10. All patient-important outcomes were considered. Yes and No. The HEART Pathway produced a meaningful reduction in objective cardiac testing, doubled ED rate of early discharge, and reduced the hospital LOS by half a day but was not powered to detect differences in MACE
  11. The treatment effect was large enough and precise enough to be clinically significant. Unsure. Study was powered to detect a 15% reduction in objective cardiac testing within 30 days with 90% power with an expected loss to follow-up rate of 10%. They found a 12% reduction in objective cardiac testing at 30 days.

Key Results: They enrolled 282 patients into the study with 141 in each group. The mean age of the patients was about 53 years with 57% being women. The overall MACE rate was 6% (17/282).

Of the 141 patients randomized into the HEART Pathway there was close to a 50/50 split between patients stratified as low risk (47%) and those stratified as high risk (53%).

There was some significant non-adherence to the HEART Pathway (29% of low-risk patients and 13% of high-risk patients).

  • Primary Outcome: Objective testing with 30 days

HEART Pathway 56.7% vs. Usual Care 68.8% NNT=8

  • Secondary Outcomes:
    • Early Discharge Rate*: HEART Pathway 39.7% vs. Usual Care 18.4% (Absolute Early Discharge Increase of 21.3%) NNT = 5
    • Median LOS: Heart Pathway 9.9 hrs vs. Usual Care 21.9 hrs
    • MACE: ZERO patients identified as low risk by HEART Pathway had an index or non-index MACE.

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Dr. Simon Mahler

Dr. Simon Mahler

Now we have a special treat for the SGEMers. We reached out to the lead author Dr. Simon Mahler from Wake Forest School of Medicine in Winston-Salem North Carolina. He agreed to come on the SGEM and answer some of our questions to get a deep understanding of his research. This 18 minute extra segment takes place between 14-32 minutes of the podcast. You will need to listen to the PODCAST to hear Dr. Mahler’s responses to our questions.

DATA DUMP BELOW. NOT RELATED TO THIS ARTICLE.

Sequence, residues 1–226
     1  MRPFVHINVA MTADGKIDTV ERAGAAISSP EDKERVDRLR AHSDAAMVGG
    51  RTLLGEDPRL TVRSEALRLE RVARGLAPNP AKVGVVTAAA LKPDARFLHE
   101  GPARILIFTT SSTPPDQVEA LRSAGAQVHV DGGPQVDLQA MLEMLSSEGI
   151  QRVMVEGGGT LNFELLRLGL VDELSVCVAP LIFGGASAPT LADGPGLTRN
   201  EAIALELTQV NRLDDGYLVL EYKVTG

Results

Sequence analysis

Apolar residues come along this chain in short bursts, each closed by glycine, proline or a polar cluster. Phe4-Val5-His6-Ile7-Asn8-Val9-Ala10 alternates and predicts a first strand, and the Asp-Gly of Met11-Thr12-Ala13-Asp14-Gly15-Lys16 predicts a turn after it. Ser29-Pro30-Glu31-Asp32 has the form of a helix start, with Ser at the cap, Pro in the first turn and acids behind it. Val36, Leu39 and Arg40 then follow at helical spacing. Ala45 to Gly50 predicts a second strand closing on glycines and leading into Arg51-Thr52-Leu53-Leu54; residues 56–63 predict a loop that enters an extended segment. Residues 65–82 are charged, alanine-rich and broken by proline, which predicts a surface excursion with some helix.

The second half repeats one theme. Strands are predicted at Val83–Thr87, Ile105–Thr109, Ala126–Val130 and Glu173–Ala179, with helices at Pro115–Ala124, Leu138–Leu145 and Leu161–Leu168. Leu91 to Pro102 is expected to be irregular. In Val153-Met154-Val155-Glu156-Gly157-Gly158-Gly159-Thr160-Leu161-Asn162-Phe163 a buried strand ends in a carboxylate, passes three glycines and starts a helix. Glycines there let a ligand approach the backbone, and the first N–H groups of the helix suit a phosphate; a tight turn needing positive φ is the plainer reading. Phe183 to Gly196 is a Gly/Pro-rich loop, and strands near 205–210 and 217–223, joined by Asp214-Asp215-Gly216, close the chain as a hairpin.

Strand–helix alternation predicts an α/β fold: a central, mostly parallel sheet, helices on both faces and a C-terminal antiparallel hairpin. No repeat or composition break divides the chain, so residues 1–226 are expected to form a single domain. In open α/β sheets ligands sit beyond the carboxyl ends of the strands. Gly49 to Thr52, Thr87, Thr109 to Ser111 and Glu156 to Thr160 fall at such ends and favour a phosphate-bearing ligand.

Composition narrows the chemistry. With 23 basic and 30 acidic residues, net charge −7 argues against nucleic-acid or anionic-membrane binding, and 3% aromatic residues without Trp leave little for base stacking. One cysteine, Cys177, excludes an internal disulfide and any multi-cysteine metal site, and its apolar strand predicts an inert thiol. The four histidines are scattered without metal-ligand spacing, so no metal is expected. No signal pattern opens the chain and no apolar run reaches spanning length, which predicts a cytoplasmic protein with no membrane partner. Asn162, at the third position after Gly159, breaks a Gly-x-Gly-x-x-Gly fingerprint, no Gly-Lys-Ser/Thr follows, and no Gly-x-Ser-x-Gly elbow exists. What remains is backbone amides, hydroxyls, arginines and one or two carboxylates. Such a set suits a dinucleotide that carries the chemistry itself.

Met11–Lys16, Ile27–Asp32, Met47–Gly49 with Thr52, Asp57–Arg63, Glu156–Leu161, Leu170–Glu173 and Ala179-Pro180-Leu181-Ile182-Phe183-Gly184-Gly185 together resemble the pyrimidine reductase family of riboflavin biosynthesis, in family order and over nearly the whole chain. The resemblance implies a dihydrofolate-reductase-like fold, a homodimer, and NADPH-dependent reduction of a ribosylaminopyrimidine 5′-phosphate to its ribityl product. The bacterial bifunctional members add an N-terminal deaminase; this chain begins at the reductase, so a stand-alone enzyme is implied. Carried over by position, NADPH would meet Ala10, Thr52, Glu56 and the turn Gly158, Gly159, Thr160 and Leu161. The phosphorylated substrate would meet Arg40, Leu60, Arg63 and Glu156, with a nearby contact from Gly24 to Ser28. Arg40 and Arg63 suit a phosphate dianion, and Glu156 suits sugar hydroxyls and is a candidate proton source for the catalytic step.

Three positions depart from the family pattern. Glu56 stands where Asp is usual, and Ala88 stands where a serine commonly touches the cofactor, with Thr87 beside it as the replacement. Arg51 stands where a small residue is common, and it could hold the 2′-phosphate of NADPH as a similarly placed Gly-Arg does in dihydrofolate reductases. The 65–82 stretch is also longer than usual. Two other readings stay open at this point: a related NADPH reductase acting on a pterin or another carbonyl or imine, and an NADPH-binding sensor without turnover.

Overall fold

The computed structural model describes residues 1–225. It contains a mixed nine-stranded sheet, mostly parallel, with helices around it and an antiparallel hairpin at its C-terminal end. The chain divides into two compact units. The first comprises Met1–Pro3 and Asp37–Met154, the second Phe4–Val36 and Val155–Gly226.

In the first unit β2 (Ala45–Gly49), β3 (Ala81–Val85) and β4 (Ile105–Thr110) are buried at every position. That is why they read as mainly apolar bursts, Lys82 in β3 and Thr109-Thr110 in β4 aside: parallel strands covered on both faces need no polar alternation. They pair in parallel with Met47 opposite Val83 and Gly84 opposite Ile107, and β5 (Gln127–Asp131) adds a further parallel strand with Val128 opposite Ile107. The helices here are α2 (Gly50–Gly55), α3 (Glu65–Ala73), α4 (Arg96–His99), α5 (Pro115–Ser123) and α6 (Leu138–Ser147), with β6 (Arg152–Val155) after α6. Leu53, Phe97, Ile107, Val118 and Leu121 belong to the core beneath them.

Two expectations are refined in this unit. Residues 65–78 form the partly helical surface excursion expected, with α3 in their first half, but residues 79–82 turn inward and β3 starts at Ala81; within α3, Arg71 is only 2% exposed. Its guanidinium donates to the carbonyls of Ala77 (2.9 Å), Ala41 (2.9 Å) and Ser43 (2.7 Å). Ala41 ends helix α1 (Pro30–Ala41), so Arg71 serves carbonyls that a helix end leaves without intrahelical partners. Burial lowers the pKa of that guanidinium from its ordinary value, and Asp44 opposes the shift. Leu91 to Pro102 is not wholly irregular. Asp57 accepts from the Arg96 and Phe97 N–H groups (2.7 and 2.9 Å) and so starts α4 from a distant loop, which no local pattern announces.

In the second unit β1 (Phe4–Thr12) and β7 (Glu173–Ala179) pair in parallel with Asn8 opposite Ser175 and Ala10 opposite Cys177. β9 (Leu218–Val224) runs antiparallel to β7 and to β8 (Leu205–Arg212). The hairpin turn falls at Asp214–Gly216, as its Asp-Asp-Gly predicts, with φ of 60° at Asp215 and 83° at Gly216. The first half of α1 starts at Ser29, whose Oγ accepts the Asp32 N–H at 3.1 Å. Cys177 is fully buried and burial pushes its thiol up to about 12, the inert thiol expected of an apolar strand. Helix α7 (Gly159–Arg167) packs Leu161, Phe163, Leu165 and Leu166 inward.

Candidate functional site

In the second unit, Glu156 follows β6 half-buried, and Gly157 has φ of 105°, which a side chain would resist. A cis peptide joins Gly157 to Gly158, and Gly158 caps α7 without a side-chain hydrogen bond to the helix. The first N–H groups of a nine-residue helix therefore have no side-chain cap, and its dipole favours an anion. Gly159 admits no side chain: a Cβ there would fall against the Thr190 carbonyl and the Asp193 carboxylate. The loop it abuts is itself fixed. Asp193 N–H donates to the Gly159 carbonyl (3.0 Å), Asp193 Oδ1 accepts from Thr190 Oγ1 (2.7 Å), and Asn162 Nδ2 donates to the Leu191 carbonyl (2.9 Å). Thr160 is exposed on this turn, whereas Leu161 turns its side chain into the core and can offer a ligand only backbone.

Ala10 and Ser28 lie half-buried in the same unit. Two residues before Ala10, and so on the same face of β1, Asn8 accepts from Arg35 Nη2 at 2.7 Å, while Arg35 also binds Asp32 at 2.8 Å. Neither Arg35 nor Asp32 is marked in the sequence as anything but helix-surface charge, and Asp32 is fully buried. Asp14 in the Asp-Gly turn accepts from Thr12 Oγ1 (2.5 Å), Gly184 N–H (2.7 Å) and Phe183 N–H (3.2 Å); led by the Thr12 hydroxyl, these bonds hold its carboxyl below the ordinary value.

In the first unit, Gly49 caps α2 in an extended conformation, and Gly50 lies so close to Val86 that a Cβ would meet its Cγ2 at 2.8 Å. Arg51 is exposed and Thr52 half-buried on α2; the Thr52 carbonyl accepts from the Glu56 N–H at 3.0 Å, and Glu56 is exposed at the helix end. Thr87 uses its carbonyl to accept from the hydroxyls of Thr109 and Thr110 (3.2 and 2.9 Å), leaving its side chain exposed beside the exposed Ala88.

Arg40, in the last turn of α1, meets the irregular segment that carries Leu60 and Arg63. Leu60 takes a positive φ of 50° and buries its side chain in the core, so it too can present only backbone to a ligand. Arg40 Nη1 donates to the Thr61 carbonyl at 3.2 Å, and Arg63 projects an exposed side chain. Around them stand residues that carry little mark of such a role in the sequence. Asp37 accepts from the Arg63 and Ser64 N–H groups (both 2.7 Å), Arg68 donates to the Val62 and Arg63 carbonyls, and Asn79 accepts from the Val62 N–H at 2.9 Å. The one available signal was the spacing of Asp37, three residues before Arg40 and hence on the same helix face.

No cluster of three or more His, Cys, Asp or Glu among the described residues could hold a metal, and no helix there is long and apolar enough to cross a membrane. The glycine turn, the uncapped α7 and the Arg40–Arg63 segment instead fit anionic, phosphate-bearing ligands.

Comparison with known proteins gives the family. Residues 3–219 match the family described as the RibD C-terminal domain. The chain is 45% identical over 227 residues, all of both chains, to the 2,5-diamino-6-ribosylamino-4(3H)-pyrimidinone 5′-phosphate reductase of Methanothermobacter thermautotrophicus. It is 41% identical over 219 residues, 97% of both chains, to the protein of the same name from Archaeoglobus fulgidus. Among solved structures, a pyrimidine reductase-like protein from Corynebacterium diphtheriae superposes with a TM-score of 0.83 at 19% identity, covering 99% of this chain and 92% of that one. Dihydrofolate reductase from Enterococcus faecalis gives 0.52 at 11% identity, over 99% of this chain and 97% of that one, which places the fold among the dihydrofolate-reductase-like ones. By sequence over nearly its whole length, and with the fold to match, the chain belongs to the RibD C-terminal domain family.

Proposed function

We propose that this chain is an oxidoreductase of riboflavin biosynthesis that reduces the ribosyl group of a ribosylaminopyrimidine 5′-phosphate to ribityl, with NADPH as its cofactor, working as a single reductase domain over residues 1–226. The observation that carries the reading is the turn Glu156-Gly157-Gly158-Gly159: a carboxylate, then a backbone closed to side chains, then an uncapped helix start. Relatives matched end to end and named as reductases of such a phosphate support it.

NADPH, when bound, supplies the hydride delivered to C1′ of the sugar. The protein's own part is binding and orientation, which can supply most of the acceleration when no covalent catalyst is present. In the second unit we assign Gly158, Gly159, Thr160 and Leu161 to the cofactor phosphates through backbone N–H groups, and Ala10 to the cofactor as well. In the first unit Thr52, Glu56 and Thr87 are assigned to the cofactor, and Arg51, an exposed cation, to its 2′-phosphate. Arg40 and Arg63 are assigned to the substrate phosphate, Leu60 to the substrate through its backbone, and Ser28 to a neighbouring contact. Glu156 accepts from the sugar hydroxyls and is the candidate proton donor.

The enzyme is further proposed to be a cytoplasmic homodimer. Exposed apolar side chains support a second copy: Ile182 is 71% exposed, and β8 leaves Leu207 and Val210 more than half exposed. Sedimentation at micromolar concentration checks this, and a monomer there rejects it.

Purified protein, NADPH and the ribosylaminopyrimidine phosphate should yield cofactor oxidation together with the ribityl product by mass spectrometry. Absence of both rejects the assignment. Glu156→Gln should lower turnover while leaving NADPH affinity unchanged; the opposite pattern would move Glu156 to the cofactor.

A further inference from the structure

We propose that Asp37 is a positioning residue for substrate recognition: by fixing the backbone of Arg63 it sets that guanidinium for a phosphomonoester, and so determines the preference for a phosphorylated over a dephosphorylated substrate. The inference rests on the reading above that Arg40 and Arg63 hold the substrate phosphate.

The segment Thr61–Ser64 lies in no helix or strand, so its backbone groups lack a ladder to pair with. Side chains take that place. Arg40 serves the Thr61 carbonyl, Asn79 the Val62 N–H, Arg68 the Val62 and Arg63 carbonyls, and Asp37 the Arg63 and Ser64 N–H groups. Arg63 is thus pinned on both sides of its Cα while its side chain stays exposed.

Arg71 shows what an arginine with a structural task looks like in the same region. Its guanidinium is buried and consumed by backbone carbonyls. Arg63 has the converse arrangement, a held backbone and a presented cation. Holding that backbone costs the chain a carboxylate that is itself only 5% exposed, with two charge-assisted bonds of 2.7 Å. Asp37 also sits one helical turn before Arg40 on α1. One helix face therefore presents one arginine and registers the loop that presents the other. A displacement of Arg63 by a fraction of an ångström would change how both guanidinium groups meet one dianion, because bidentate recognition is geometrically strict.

1. Setting: This was a randomized clinical trial, which makes it a superior design to the previous observational trials and was on a US population rather than European population and so it’s more applicable to North Americans. However, the study was conducted at a single center and this limits the generalizability to other community settings.
    • Listen to Podcast for Response:
  2. Sample Size/Power: The methods say the study was powered to detect a 15% reduction in objective cardiac testing within 30 days with 90% power at the 5% 2-sided level of significance with an expected loss to follow-up rate of 10%. I could not find in the manuscript how many people you needed to recruit but you enrolled 282?
    • Listen to Podcast for Response:
    • You powered your study to find a 15% difference, which you considered clinically significant a priori. Yet only found a 12% effect size. Does that not leave your study a little short of the mark?
    • Listen to Podcast for Response:
    • A 12% absolute reduction in objective testing may be very important to the patient and to the health care system but the p value does not tell us is the precision of the point estimate. For that we need 95% confidence intervals can you provide those.